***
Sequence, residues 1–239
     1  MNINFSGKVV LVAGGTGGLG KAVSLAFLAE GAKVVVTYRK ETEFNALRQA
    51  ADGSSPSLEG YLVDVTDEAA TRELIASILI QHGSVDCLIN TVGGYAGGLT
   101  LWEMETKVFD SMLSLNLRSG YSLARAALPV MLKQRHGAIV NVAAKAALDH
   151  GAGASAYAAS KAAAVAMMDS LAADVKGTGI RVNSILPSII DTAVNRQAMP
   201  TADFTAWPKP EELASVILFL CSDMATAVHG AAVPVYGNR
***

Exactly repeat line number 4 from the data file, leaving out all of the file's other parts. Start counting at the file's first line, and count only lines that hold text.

   101  LWEMETKVFD SMLSLNLRSG YSLARAALPV MLKQRHGAIV NVAAKAALDH